Now I’m busy to create a short film “Riding in Cars with Strangers”. This is the story of a provincial girl who moved to a big city. Each time she calls a taxi like Uber of Lyft she meets strange and extraordinary people. For example, one of her incident acquaintances is an Asian Elvis Presley dressed up like Rock-n-Roll King himself. He is persuaded that Elvis didn’t die but was kidnapped by aliens, so now he bears a mission to keep him in memory of people till real Elvis is back. Of course, the film features a love story with one young man with whom the lead character shares a ride several times – the Universe works in an unpredictable way. The story was written and is directed by my very talented friend – Sanjana DeSilva. I’m fascinated with her genius and believe that she will become very famous in a few years.
Do you prefer working on films or music videos or ads? What would you call the most interesting for you?
I don’t want to shoot action movies but I want to talk about important things like social and environmental issues in such a way that people will hear me and be inspired to resolve these problems. I work both at music videos and social short videos. For example, one of our last social projects was about Wildlife Survivors (in post-production) depicting people who lived through disastrous fires in California, who lost everything they gained – home, property, etc. When talking to them, I literally went through these terrible events with them.
The worst thing is that no one can help many of the affected persons and they have nowhere to live anymore. It’s very sad that people are so unconcerned about other people’s grief and tragedies like this one. And again it is an issue of climate change which causes such catastrophes. We must always think of what we will leave after us and strive to create a better future.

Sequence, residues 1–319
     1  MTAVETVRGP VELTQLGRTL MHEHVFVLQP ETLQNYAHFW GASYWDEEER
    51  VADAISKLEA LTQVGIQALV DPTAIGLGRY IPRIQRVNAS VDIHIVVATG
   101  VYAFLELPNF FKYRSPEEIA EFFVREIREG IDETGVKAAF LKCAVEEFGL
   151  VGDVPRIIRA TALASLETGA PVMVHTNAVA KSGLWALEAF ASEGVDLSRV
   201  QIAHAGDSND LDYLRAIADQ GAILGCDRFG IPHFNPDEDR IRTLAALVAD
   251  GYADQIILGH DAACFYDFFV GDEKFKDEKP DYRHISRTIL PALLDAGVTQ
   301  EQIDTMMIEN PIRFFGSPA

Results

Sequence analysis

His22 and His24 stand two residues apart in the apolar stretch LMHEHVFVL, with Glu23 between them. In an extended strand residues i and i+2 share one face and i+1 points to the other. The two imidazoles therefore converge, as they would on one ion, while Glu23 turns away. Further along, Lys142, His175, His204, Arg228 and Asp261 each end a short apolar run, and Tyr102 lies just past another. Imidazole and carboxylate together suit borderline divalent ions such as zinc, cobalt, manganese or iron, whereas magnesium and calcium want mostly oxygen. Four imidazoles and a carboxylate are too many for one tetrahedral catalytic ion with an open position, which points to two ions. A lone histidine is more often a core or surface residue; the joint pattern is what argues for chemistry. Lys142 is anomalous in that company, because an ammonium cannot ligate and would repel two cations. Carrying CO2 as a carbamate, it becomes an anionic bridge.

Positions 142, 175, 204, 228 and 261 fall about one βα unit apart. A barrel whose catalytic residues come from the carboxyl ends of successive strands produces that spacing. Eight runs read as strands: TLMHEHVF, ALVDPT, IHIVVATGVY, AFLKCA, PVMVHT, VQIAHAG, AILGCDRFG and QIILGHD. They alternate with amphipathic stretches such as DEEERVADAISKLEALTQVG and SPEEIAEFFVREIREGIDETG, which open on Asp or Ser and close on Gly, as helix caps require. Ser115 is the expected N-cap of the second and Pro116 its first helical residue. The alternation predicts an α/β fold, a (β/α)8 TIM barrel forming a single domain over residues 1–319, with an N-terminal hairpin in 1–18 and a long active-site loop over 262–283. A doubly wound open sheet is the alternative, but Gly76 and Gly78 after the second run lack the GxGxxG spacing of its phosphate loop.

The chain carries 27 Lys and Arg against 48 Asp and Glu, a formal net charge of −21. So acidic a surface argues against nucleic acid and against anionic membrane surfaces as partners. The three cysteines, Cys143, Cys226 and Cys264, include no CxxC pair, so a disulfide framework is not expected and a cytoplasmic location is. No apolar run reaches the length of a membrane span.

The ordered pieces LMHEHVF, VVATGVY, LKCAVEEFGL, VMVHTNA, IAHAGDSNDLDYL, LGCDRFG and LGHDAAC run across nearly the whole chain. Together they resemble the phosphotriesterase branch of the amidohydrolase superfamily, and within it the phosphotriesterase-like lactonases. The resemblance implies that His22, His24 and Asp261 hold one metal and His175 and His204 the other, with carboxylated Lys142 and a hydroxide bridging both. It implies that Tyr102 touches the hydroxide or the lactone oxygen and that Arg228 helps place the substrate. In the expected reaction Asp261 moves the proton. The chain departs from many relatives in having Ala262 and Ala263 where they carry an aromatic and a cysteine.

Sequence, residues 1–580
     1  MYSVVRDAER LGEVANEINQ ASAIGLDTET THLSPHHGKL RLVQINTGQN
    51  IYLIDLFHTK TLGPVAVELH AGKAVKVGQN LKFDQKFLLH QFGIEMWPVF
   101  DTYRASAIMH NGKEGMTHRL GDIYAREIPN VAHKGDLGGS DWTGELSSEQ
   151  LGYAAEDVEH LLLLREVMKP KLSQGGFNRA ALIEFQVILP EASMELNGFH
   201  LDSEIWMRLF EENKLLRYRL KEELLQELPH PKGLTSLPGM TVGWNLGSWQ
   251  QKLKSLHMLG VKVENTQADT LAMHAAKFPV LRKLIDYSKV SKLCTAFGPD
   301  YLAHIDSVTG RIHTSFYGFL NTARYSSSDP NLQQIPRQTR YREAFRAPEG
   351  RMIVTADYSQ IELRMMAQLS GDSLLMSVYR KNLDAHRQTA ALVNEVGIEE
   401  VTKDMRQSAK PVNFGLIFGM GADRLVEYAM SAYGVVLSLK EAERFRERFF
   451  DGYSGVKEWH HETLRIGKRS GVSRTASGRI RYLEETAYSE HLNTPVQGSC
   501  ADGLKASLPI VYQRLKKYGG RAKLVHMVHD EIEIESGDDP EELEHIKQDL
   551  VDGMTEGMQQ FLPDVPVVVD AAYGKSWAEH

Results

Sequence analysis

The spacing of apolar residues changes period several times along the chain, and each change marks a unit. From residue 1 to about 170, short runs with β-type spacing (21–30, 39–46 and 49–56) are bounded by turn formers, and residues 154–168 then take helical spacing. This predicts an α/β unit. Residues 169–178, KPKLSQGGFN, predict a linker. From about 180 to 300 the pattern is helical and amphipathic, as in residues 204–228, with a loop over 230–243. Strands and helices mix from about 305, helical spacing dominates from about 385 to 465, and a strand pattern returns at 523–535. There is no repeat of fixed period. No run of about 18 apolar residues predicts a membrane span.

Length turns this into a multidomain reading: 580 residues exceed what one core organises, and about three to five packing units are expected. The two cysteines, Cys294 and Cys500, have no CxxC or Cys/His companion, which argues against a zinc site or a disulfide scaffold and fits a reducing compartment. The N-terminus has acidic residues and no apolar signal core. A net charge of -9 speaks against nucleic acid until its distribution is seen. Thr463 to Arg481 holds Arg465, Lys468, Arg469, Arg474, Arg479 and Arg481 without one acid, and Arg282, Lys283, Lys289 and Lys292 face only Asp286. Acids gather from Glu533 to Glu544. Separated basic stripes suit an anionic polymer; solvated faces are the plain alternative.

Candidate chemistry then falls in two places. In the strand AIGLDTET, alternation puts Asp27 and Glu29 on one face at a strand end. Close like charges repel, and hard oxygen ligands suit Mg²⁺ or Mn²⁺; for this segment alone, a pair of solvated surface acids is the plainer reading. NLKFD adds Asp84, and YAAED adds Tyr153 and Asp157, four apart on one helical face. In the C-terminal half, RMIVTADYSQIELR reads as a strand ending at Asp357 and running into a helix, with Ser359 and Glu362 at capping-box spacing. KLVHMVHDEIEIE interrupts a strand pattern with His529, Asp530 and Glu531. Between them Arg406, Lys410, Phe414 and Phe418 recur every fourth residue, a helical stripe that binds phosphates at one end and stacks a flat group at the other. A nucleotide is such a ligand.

One of my large projects is a documentary film about music and cult figures. Now I’m working at the film creation and gathering a team of likeminded professionals who believe that together we’ll be able to reach out to young people and musicians, to show why it’s wrong to look up to those who take drugs or alcohol or commit suicide. We are going to show good examples which are really worth following and say thank you to such celebrities.
Tell me about your favorite project among all you’ve worked at. What challenges did you have to face?
One of my favorite projects apart from those I produced in Ukraine since 2010 is the music video Wanna Be Younk by 7EVER feat. Sid Wilson (Slipknot). The project started as Younk company was looking for someone to create a story and shoot a video which could best define the core and the symbolism of the name “Younk” itself. If you take a look at the company’s logo, you’ll see the word “young” where “g” is changed to “k” when you press the button “Play Again”.